Sniper: Tier 3 Uruk-Hai bowmen. Their Bullseye skill allows them to prioritize enemy rangers, and their unusually heavy armor gives them the Full Protection skill, letting them survive attacks from melee units in case the front line collapses. As if to make Dunedains’ lives more miserable.
UNALIGNED, Varied, Needs Special Tiles To Unlock
There are a number of large 2×2 tiles that enable the hiring of certain unaligned units to your cause. These guys are typically unique, but they won’t be forming the backbone of your army. A lot of them are on the weak side, though their heavier units are utterly insane, especially Mumakils.
Beornings: Tier 3 Large Beast. Large shapeshifting bear-men with the same troop count as trolls. They have an unusually high Siege stat even for Large tier 3 units, at 600, nearly on par with Ravagers when it comes to tearing fortresses down. You get a few of them early on for free, but you need a Beorning Camp tile to train them. Most of these camps are found in areas near Good nations, making them an indirect way to give Good factions siege capability.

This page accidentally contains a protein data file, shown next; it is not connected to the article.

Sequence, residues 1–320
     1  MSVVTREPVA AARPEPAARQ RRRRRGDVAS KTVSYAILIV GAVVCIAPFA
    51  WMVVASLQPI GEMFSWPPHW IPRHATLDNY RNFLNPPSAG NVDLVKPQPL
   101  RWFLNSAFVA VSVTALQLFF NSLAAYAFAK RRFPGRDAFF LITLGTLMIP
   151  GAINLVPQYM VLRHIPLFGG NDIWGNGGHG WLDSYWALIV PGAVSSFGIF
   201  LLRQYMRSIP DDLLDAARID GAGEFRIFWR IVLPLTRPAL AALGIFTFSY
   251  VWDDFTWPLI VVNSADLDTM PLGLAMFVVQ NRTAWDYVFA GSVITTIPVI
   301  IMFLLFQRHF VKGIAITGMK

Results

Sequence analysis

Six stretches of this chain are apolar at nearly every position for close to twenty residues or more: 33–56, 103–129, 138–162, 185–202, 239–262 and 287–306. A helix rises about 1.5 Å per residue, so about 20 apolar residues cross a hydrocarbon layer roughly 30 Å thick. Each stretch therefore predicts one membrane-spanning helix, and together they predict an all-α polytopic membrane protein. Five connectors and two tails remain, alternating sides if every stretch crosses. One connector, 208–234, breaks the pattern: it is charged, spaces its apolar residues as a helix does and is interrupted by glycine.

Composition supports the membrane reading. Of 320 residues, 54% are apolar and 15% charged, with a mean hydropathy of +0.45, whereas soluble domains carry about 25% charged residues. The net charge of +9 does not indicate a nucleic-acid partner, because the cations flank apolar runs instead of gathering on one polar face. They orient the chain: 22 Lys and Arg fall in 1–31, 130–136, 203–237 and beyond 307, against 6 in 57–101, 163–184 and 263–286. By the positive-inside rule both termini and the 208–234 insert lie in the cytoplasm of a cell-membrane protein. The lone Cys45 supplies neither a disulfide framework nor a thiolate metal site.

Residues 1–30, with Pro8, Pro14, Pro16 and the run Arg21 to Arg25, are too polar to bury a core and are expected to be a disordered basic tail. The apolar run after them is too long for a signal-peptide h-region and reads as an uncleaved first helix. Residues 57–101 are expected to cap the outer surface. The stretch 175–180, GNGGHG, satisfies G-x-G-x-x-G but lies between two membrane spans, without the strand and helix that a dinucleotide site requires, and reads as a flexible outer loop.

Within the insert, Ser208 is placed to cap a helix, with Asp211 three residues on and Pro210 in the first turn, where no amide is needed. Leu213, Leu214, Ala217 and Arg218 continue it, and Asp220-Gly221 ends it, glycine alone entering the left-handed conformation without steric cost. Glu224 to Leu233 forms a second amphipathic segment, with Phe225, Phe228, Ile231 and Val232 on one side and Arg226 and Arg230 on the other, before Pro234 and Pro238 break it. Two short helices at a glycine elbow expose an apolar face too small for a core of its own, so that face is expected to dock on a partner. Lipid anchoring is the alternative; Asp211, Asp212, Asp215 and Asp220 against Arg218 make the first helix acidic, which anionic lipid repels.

Young Ent: Young is a relative term, since trees tend to be pretty old. These guys are pretty strong, though not strong enough to justify their command count of 2. If you use these guys, watch out for any unit that has Arson: Trees hate fire.
Mumakil: Tier 4 super unit. Fortress deletion incarnate. Mumakil war elephants are so huge, they’re worth 1 whole command point each. With a siege stat of 4000 and everything else they have generally being hilariously powerful, these things are guaranteed to cause laughter for the user, and significant emotional strain for the victim.
Bats: Normal, average bats. Not even superpowered fantasy bats, just boring old bats. They’re so weak they get 200 per command point, and they don’t even get the Flying skill in spite of being bats. They just exist to be annoying.
Hobbit Slinger: Why would you send these little guys to war? All they want to do is get stone drunk, sing, and be happy with their friends. Either way, they’re high speed ranged units with low stats and low cost. Another choice for scouting with if you want to sacrifice a ton of troops to take the tile they’re available from.